Something I Struggle With | 30 Days Writing Challenge | Day Eight
A good place to start is my recent struggle with keeping up with writing and the consequent neglect my blog has had to suffer. To be honest, it was much easier to keep up some years ago than now. It’s not because the passion had weaned, nor that there isn’t the interest anymore, but that adulthood comes with a whole different kind of rules and associated responsibilities. But I’m trying. And I know it isn’t insurmountable.
I’m glad there was a time I wrote more frequently than I do now. Those times, the words written, and the memories surrounding them are treasures for today. I hold them dearly. I do not look back with regret. They are my motivation for what has been and what can be.
To be clear, the struggle is not with writing itself but with keeping a balanced life. There’s a philosophy I hold dear, one I gleaned from the lives of those before me, the same that I find so hard to keep. The Yorubas said it best, ??? à ń ?ọ ò ?ì?à, ??? à ń ?à ?ó ?ò, that is, our destination isn’t far, it is the sight-seeing that takes its toll. To put it more directly, we have enough time to do everything we need to do, it’s the time we spend doing the other things we can do that causes us to stall.
There’s so much that call our attention, even much more that calls for our immediate attention. They are not necessarily mundane or unimportant things, they are not just the things that should be our highest priority.
The last few weeks have really been an improvement for me. Listening to DDK talk on “Scheduling Mastery” rekindled a long lost practice that the hustle and bustle of Lagos stole from me. But like my friend, Miloh, shared today, the time to cultivate that life balance is now that our financial burden hasn’t skyrocketed.
In a conversation with Mary Afolabi, we admitted that sometimes, it is the Imposter Syndrome, and more vividly, a lack of proper self-worth. We go all the way to be there for others, for friends and clients, we work so add to maintain our reputation of efficiency. We are at the center, holding many parts of life together, but we forget that we are the most important part of that world. And everything can only function when we are whole and able. When we take time for self rejuvenation, reflection, and care, we give ourselves the needed resources to help others.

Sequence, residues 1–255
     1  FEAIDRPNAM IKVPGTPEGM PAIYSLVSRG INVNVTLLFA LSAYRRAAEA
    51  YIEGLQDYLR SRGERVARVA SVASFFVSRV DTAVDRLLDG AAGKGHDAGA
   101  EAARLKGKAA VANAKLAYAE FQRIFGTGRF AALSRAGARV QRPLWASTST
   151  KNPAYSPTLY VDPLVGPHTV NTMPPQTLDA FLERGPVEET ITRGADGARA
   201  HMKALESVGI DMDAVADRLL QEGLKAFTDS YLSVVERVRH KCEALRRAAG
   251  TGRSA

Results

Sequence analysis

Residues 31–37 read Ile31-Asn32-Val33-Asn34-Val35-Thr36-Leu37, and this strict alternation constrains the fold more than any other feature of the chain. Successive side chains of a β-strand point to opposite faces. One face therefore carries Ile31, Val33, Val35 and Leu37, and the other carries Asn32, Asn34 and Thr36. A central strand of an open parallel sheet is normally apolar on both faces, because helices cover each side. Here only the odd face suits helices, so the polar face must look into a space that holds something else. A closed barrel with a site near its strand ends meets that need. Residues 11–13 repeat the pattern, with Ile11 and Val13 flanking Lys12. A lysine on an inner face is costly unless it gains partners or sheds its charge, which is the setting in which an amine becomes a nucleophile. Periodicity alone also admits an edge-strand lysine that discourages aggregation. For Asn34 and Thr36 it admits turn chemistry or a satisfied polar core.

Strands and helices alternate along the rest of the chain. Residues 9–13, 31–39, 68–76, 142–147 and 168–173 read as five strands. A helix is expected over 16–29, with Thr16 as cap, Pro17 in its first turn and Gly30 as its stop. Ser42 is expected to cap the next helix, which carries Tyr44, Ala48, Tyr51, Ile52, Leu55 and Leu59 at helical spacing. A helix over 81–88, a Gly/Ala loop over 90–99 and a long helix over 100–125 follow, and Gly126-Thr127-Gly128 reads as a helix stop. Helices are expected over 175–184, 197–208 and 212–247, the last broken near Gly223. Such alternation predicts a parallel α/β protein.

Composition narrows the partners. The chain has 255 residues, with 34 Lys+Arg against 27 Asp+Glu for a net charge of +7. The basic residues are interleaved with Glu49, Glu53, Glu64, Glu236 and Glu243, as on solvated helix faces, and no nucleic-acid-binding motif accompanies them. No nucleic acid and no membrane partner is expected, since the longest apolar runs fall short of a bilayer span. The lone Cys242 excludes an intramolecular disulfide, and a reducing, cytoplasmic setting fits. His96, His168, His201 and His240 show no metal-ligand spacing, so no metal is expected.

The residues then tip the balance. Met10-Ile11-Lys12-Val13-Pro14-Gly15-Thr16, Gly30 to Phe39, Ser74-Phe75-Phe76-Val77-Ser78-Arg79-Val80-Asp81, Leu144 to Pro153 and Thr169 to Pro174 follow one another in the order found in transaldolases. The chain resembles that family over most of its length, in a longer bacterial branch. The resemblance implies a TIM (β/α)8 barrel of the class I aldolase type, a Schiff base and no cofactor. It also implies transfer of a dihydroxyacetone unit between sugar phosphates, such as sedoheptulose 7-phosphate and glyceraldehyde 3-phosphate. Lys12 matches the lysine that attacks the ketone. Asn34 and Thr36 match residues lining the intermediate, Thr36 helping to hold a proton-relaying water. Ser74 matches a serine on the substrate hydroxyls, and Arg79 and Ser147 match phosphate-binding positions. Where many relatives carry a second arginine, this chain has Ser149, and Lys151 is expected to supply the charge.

We do not want to be selfish. We do not want to say “No”. We do not want to be inadequate. Our ears are serenaded with the repetitive chorus of “hustle o”, so we bury ourselves in work, ignoring the strain in our eyes as it pierces through our computer screen. We do not want to fail. But we forget, that to save the world, we must first cultivate strength.
The trick is to think that our best life will come later, and so we must do all the work today. It will look as though the solution to the impending poverty is more work, but I’m no longer postponing my best life.
Today, I’m learning to prioritize a non-negotiable daily ritual of self-care; a time of the day where every other thing stops and all the attention is on me. A time to meditate, read, pray, and most definitely, write. And saves this week, I’ve been doing just fine.
Eventually, I’m finding out that I have been more productive, restful, calmer, and happier than I’ve been in recent years. It was a struggle, but I’m learning to prioritize ‘me’. I’m learning to live the best version of me, a fulfilled life, daily, and not as an event in the future.
As I ‘hustle’ to keep food on my table, I create time to do the things that bring me the deepest joy and fulfillment.
So if the ImisiOluwa Olalekan, Ọmọ ìyá Sola the second, will be of any benefit to others, he ought to be, first, to himself.
I am that ImisiOluwa; and tonight, I love me plenty.
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I want to sincerely apologize for not bringing you Conversations with the Imisioluwa this week, I promise to do better. Please, listen to last week’s episode. Click video below.
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